with a swaggering accent sharply twanged off, gives
manhood more approbation than ever proof itself
190 would have earned him. Away!
Act 3, Scene 4Page 57
ANDREW Nay, let me alone for swearing. He exits.
TOBY Now will not I deliver his letter, for the behavior
of the young gentleman gives him out to be of good
capacity and breeding; his employment between
195 his lord and my niece confirms no less. Therefore,
this letter, being so excellently ignorant, will breed
no terror in the youth. He will find it comes from a
clodpoll. But, sir, I will deliver his challenge by
word of mouth, set upon Aguecheek a notable
200 report of valor, and drive the gentleman (as I know
his youth will aptly receive it) into a most hideous
opinion of his rage, skill, fury, and impetuosity. This
will so fright them both that they will kill one
another by the look, like cockatrices.
FABIAN 205Here he comes with your niece. Give them
way till he take leave, and presently after him.
TOBY I will meditate the while upon some horrid
message for a challenge.
Toby, Fabian, and Maria exit.
I have said too much unto a heart of stone
210 And laid mine honor too unchary on ’t.
There’s something in me that reproves my fault,
But such a headstrong potent fault it is
That it but mocks reproof.
With the same ’havior that your passion bears
215 Goes on my master’s griefs.
Here, wear this jewel for me. ’Tis my picture.
Refuse it not. It hath no tongue to vex you.
And I beseech you come again tomorrow.
What shall you ask of me that I’ll deny,
220 That honor, saved, may upon asking give?
Act 3, Scene 4Page 58
Nothing but this: your true love for my master.
How with mine honor may I give him that
Which I have given to you?
VIOLA I will acquit you.
225 Well, come again tomorrow. Fare thee well.
A fiend like thee might bear my soul to hell.
TOBY Gentleman, God save thee.
VIOLA And you, sir.
TOBY That defense thou hast, betake thee to ’t. Of what
230 nature the wrongs are thou hast done him, I know
not, but thy intercepter, full of despite, bloody as
the hunter, attends thee at the orchard end. Dismount
thy tuck, be yare in thy preparation, for thy
assailant is quick, skillful, and deadly.
VIOLA 235You mistake, sir. I am sure no man hath any
quarrel to me. My remembrance is very free and
clear from any image of offense done to any man.
TOBY You’ll find it otherwise, I assure you. Therefore,
if you hold your life at any price, betake you to your
240 guard, for your opposite hath in him what youth,
strength, skill, and wrath can furnish man withal.
VIOLA I pray you, sir, what is he?
TOBY He is knight dubbed with unhatched rapier and
on carpet consideration, but he is a devil in private
245 brawl. Souls and bodies hath he divorced three, and
his incensement at this moment is so implacable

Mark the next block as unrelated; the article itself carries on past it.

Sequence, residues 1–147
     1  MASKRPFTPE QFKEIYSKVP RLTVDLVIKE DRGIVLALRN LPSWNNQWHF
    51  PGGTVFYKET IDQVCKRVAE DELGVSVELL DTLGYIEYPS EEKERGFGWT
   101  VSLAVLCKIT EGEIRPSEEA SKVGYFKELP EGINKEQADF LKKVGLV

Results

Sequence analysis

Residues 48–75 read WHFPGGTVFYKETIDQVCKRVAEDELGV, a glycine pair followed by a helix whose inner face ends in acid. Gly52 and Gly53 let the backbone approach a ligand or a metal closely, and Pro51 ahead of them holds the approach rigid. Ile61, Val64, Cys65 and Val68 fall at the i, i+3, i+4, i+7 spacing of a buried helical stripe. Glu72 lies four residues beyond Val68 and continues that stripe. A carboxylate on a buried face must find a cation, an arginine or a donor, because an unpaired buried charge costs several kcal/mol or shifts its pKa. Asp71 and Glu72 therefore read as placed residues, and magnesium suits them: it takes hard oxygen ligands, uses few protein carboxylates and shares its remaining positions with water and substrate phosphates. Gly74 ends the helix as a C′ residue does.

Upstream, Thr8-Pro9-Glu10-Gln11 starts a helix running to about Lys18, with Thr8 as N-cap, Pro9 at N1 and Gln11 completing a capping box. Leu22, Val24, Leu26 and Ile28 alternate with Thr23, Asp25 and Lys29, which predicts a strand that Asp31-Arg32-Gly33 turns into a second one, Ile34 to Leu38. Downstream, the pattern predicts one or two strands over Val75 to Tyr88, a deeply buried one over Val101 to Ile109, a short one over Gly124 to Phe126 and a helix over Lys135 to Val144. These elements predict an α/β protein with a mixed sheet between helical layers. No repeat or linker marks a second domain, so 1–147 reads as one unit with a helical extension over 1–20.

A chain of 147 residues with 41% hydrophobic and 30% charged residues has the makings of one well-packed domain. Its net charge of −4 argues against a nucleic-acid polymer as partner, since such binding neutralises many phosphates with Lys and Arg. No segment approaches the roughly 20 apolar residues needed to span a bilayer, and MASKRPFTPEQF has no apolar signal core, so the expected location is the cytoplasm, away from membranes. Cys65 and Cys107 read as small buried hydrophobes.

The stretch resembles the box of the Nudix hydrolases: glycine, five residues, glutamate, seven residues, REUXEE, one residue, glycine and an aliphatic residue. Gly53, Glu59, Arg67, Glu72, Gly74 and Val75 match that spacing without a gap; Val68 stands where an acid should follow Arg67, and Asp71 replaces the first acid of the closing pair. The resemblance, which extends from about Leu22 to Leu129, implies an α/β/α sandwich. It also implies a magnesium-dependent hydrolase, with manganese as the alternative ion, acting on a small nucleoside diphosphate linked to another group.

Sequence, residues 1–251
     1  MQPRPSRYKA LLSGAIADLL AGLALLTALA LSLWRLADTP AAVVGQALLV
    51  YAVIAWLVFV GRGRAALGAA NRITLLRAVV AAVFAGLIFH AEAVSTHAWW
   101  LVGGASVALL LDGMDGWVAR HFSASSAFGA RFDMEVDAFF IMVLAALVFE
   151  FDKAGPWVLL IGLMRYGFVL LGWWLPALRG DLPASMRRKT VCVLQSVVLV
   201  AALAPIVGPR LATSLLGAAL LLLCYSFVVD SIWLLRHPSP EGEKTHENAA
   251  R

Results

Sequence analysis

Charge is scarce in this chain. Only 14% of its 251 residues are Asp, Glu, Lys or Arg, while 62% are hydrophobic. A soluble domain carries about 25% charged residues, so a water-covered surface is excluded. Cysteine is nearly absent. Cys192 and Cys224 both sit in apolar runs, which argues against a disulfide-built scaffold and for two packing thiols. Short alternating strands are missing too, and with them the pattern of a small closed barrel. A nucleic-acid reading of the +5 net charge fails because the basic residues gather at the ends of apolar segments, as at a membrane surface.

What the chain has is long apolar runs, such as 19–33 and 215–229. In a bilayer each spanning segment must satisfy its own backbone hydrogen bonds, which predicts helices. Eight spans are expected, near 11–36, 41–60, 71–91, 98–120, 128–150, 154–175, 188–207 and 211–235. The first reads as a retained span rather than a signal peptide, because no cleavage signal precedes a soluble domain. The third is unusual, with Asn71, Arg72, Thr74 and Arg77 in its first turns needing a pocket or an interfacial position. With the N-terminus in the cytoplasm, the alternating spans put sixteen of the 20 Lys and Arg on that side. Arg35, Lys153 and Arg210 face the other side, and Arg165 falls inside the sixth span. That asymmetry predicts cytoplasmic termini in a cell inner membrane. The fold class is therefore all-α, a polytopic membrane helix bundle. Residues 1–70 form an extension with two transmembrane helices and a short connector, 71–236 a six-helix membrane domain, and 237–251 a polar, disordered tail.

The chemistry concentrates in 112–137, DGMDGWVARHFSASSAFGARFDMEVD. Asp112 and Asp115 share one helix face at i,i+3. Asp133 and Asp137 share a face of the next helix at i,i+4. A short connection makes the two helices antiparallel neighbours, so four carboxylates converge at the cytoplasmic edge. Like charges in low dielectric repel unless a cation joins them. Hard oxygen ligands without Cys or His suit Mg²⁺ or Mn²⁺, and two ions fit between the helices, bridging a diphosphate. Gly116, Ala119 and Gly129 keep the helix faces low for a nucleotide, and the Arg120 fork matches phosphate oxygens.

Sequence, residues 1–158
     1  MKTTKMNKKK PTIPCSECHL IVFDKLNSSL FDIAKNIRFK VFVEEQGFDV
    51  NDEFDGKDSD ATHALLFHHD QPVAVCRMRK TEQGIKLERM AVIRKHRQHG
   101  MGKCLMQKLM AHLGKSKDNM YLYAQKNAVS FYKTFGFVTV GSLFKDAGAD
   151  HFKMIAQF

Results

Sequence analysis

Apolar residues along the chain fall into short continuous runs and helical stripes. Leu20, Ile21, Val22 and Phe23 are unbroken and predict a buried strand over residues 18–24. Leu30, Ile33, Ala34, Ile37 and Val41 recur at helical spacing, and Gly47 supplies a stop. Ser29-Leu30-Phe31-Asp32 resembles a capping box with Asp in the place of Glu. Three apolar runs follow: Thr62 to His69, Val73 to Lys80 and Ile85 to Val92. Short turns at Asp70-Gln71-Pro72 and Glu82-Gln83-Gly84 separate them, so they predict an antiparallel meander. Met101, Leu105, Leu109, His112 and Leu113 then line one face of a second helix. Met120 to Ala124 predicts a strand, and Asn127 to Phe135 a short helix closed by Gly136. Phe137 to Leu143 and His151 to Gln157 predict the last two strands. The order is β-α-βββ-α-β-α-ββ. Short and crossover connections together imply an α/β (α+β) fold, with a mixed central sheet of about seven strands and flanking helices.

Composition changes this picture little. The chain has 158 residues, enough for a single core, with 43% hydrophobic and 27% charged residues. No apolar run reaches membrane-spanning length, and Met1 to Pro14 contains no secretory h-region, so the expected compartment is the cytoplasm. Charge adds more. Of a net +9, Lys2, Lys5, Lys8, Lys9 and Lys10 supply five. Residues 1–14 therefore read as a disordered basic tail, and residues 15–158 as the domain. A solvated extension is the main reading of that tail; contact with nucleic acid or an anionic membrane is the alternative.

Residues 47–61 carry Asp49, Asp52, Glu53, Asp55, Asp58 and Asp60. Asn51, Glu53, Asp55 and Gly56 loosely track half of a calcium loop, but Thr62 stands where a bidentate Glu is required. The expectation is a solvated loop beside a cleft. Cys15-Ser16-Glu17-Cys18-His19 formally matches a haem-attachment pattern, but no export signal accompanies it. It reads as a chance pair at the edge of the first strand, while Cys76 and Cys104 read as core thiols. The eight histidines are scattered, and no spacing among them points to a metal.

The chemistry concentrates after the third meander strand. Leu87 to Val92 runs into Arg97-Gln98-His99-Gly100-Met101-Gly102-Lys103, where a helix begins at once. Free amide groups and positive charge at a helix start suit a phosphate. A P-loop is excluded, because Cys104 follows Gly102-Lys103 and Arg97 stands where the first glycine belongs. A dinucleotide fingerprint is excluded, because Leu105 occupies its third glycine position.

that satisfaction can be none but by pangs of death
and sepulcher. “Hob, nob” is his word; “give ’t or
VIOLA 250I will return again into the house and desire
Act 3, Scene 4Page 59
some conduct of the lady. I am no fighter. I have
heard of some kind of men that put quarrels purposely
on others to taste their valor. Belike this is a
man of that quirk.
TOBY 255Sir, no. His indignation derives itself out of a very
competent injury. Therefore get you on and give
him his desire. Back you shall not to the house,
unless you undertake that with me which with as
much safety you might answer him. Therefore on,
260 or strip your sword stark naked, for meddle you
must, that’s certain, or forswear to wear iron about
VIOLA This is as uncivil as strange. I beseech you, do
me this courteous office, as to know of the knight
265 what my offense to him is. It is something of my
negligence, nothing of my purpose.
TOBY I will do so.—Signior Fabian, stay you by this
gentleman till my return. Toby exits.
VIOLA Pray you, sir, do you know of this matter?
FABIAN 270I know the knight is incensed against you even
to a mortal arbitrament, but nothing of the circumstance
VIOLA I beseech you, what manner of man is he?
FABIAN Nothing of that wonderful promise, to read
275 him by his form, as you are like to find him in the
proof of his valor. He is indeed, sir, the most skillful,
bloody, and fatal opposite that you could possibly
have found in any part of Illyria. Will you walk
towards him? I will make your peace with him if I
VIOLA I shall be much bound to you for ’t. I am one
that had rather go with Sir Priest than Sir Knight, I
care not who knows so much of my mettle.
Act 3, Scene 4Page 60
TOBY Why, man, he’s a very devil. I have not seen such
285 a firago. I had a pass with him, rapier, scabbard,
and all, and he gives me the stuck-in with such
a mortal motion that it is inevitable; and on the
answer, he pays you as surely as your feet hits the
ground they step on. They say he has been fencer
290 to the Sophy.
ANDREW Pox on ’t! I’ll not meddle with him.
TOBY Ay, but he will not now be pacified. Fabian can
scarce hold him yonder.
ANDREW Plague on ’t! An I thought he had been
295 valiant, and so cunning in fence, I’d have seen him
damned ere I’d have challenged him. Let him let